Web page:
Even through U.S. law enforcements ran into some failures when they used the fingers of dead suspects to unlock iPhones, an agency have successfully unlocked the devices, then obtained evidence from it, according to a report who wrote by Forbes on Thursday.

Let's take a time travels to the November of 2016, during the Ohio State University attack, Abdul Razak Ali Artan had mowed down a group of people in his car, soon he was killed by a police officer. FBI tries to unlock his iPhone 5s, the first iPhone that featured with Touch ID, but they were unsuccessfully to unlock the device...

Image Credit iGeeksBlog

However, data was later retrieved with the help of a forensics lab. The data later helped the authorities determine that Artan's failed attempt to murder innocents may have been a result of ISIS-inspired radicalization. The report did not disclose any of further details as for how they retrieved the data.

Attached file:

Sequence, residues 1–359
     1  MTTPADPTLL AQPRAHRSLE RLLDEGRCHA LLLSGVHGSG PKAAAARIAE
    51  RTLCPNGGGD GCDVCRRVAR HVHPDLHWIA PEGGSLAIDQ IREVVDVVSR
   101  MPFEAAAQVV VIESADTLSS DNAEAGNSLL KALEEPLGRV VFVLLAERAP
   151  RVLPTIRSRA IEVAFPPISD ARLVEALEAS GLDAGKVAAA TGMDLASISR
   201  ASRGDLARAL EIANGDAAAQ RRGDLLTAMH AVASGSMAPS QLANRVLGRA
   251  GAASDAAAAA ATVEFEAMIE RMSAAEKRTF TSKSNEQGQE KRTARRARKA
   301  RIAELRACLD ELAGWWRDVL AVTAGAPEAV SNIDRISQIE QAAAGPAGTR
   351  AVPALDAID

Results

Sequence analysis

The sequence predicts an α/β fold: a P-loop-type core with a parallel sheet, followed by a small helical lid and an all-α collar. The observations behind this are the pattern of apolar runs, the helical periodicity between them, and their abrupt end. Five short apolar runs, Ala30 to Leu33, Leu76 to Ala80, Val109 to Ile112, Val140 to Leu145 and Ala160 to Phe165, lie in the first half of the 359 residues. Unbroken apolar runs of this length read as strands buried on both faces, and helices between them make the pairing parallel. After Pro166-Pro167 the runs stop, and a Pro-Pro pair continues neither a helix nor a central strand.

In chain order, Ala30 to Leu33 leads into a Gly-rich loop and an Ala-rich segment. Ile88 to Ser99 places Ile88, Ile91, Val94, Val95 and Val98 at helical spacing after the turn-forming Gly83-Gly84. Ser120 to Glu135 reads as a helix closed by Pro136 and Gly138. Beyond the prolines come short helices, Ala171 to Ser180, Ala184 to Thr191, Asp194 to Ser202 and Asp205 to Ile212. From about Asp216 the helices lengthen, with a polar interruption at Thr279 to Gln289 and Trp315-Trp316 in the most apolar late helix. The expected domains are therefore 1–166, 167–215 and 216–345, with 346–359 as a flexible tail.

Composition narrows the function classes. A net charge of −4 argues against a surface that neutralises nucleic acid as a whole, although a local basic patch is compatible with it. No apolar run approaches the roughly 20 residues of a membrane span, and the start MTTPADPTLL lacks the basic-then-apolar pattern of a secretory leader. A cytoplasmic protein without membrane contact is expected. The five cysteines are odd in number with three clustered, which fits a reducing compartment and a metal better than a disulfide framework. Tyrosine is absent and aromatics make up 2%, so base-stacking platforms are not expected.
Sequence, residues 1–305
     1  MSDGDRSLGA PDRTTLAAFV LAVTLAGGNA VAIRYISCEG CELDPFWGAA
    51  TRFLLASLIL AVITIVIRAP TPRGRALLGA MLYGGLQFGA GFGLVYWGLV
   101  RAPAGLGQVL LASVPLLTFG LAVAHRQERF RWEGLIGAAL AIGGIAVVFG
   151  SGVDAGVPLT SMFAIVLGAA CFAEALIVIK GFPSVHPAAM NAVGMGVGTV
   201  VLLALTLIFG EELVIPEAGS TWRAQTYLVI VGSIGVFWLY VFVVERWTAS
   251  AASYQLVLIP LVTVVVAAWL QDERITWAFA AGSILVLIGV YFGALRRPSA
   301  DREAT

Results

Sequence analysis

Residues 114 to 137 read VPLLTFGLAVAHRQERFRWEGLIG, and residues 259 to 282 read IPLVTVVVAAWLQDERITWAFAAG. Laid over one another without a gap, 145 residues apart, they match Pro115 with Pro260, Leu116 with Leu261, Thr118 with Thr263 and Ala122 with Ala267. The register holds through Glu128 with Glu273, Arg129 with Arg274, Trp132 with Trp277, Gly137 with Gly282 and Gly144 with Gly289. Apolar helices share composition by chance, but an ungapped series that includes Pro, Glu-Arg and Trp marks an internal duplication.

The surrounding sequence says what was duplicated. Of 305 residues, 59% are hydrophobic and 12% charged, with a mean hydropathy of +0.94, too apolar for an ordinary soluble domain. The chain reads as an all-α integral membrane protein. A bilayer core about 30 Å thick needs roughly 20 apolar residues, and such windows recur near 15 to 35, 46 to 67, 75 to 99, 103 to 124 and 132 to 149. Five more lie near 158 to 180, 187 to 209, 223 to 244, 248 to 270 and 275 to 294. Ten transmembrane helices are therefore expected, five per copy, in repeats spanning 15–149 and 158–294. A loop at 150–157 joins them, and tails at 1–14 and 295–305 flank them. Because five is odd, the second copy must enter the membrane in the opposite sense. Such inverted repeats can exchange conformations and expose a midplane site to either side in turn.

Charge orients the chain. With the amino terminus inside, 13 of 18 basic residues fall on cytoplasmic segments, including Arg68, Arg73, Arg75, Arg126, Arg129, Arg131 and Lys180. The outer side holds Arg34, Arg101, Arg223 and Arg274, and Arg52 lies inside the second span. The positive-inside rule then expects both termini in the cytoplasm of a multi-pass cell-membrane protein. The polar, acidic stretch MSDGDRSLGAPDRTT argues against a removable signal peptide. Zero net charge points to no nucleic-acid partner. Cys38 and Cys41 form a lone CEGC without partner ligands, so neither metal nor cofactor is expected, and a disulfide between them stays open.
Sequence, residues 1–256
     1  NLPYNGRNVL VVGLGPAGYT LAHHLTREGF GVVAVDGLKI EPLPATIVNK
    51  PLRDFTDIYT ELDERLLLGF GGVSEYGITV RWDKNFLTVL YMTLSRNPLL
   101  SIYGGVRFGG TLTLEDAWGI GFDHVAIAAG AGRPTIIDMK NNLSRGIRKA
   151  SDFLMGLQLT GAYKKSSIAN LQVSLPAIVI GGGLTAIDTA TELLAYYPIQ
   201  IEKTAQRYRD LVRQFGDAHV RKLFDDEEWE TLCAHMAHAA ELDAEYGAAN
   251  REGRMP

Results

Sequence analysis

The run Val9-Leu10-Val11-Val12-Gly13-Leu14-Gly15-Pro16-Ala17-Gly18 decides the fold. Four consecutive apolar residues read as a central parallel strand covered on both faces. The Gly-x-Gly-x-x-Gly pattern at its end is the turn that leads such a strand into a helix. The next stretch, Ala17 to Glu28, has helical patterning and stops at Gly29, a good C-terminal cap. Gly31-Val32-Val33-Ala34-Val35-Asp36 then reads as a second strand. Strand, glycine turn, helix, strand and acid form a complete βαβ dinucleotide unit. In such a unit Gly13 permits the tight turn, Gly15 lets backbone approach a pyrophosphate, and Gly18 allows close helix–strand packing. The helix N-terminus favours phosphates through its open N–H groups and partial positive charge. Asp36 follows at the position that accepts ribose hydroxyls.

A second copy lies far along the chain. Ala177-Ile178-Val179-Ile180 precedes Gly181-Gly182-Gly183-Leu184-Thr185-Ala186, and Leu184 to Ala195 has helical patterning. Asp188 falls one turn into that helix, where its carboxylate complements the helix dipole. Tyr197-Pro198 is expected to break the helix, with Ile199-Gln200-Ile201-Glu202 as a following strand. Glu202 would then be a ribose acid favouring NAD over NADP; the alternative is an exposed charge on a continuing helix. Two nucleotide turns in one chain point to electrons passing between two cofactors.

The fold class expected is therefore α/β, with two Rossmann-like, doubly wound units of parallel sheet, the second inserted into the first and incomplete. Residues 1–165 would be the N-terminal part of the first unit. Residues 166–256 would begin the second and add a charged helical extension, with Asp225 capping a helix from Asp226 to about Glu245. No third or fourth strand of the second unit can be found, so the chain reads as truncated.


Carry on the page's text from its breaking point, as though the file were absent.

Unfortunately for the FBI, Artan's lifeless fingerprint didn't unlock the device (an iPhone 5 model, though Moledor couldn't recall which. Touch ID was introduced in the iPhone 5S). In the hours between his death and the attempt to unlock, when the feds had to go through legal processes regarding access to the smartphone, the iPhone had gone to sleep and when reopened required a passcode, Moledor said. He sent the device to a forensics lab which managed to retrieve information from the iPhone, the FBI phone expert and a Columbus officer who worked the case confirmed.

Bloomberg's sources adds that the practice has since become common to use the fingers of dead bodies to try and unlock iPhones. This is legal for police to use the technique, even if there might be some ethical quandaries to consider. Law enforcements is also attempting to hack iPhone X's Face ID, in fact, a researcher at CloudFlare claims that it didn't need to require the visage of a living person to work.

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